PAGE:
From late October through November this year, my partner and I walked for 28 days on the Via Francigena from Fidenza (an hour and a half train ride out of Milan) to Rome. Because we both worked in the summer months, we had to wait until the end of October to start our walk, so we were walking offseason.
With almost no knowledge of Italian, we stumbled through Italy for 600 kilometers through sun, rain, and mud. We had done the Camino Frances in Spain, but the Via Francigena in November was tougher. The route was well-marked and sign posted, but the infrastructure was not as strong as in Spain. In some places the accommodations were limited. Also, the route could go a whole day without passing into a town although the cappuccino was consistently excellent.
Still, I liked walking the Via Francigena. It was like the Camino Italian Style. On our walk, we went over the Cissa Pass and into Tuscany with some beautiful landscape. There were also some amazing churches along the route especially in Lucca and Siena. After Tuscany, we went into Lazio, walked through Bolsena, Viterbo, and finally into St. Peter’s Square in Rome.
Like the Camino, pilgrims carry a credential which gets stamped at every stop. Then, you can get a testimonium if you walk more than a hundred kilometers. Even though I was focused on getting to Rome for most of the walk, I did not pursue the mighty testimonium. I guess it wasn’t important to me anymore. Maybe I really am a slacker pilgrim at heart.
If you are thinking of walking offseason on the Via Francigena, there are both advantages and disadvantages. There were no crowds of pilgrims on the Via Francigena and no crowds of tourists in Tuscany. We only met only one other walking pilgrim in our month on the road although we did see pilgrims a few days ahead had left notes in the books at the osperias (pilgrim accommodations).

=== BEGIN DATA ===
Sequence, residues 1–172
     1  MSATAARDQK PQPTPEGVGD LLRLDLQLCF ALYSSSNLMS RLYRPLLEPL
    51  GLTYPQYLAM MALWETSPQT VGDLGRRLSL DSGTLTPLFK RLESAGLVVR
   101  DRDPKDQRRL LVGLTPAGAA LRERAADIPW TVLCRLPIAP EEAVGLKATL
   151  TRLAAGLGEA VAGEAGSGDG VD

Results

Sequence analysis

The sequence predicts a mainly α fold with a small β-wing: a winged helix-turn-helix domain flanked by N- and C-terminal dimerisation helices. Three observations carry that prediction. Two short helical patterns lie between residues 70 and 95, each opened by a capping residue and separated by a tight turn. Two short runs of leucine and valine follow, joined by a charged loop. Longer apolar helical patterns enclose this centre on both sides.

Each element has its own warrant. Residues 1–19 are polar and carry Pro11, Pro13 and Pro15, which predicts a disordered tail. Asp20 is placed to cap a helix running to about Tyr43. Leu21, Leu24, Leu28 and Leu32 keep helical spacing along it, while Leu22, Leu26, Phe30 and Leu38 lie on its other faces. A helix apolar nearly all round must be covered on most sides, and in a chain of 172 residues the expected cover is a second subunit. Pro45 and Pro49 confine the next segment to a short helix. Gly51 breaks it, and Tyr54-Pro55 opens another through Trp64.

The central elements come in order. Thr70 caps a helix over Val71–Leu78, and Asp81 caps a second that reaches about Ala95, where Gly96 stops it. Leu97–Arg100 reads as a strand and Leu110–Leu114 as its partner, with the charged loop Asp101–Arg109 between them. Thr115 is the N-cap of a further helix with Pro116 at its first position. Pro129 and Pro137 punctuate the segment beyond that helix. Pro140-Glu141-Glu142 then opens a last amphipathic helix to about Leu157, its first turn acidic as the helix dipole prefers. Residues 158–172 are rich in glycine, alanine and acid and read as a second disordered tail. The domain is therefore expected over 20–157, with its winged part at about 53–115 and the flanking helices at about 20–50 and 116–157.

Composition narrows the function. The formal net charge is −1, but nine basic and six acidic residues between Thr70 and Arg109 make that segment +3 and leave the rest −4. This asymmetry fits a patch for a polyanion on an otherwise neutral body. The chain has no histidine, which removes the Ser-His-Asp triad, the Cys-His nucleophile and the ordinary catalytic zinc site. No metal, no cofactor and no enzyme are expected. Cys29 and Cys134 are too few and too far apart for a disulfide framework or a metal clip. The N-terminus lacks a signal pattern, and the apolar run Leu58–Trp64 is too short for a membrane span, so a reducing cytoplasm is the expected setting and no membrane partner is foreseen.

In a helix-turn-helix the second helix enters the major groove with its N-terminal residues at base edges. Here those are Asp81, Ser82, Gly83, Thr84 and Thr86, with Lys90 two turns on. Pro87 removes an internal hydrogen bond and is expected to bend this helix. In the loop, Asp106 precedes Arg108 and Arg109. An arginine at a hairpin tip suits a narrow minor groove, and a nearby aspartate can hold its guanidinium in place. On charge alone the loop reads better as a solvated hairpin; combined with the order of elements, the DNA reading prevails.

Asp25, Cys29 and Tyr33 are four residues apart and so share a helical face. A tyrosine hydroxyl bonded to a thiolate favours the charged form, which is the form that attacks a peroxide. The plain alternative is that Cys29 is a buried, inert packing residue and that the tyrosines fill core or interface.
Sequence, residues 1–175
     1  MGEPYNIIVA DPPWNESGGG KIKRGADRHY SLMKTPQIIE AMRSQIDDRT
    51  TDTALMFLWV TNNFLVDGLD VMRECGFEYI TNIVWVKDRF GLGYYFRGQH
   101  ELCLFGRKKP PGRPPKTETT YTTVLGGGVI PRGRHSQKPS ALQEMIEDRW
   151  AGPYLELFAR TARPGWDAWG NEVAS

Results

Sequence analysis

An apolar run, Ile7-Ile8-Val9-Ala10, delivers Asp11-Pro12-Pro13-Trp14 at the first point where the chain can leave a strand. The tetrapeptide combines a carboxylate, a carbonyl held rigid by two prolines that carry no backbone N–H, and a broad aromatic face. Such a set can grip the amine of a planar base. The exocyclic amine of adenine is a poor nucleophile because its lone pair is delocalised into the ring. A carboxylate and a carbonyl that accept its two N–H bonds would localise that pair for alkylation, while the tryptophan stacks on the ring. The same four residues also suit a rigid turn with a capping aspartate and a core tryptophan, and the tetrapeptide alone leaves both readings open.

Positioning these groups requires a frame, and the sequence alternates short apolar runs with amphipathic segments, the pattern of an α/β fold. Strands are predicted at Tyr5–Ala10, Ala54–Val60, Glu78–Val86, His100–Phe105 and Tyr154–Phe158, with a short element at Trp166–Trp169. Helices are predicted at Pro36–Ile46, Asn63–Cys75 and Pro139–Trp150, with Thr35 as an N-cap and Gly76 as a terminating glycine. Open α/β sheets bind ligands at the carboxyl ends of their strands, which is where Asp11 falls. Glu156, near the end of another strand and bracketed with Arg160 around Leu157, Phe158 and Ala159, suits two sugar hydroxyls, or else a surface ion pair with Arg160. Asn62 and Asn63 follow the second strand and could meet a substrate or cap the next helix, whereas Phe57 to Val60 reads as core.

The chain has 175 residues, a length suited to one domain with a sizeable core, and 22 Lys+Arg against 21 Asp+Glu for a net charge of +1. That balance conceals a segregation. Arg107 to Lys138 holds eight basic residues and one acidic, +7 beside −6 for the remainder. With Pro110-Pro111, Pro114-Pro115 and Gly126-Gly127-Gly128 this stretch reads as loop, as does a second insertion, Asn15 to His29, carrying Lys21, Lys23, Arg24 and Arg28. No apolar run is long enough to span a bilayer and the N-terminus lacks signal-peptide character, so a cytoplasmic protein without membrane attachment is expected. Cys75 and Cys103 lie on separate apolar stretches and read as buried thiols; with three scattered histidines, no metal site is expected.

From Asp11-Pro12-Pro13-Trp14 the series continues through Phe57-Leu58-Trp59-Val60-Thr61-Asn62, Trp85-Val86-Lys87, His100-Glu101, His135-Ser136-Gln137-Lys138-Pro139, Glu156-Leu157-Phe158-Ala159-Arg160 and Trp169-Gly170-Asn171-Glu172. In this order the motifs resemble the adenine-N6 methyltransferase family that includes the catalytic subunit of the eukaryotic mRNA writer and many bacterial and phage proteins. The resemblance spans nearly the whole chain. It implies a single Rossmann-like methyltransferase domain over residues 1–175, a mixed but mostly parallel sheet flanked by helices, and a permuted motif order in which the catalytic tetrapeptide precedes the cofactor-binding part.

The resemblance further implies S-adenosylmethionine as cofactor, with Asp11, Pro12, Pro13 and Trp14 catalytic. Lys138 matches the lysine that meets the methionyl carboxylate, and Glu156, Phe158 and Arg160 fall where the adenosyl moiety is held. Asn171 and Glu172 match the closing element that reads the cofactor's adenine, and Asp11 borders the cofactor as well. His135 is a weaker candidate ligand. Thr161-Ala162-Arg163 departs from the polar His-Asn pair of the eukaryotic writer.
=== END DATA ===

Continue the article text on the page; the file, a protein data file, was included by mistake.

In November, many of the osperias were closed, but in the ones that were opened, we were the only pilgrims in the place. When there were no osperias, we stayed in B&Bs which were around 45 euro for the night for both of us while the osperias ranged in price from donation to 40 euro for both us. Also, most of the osperias had no heat, so it got mighty cold at night.
Speaking of heat, it was never too hot or too cold for walking. When it rained (and it rained a lot), the temperature stayed warm. It would be cold in the morning and after the sun went down (which was early, usually by 5pm). We walked north to south, so temperatures got warmer as we went.
When we finally made it to St. Peter’s Square, we were able to sit in the sun and soak up the heat like the little lizards we had seen on our walk. We had also gotten to see an Italy that most tourists don’t see.
And yes, I am writing a book about it.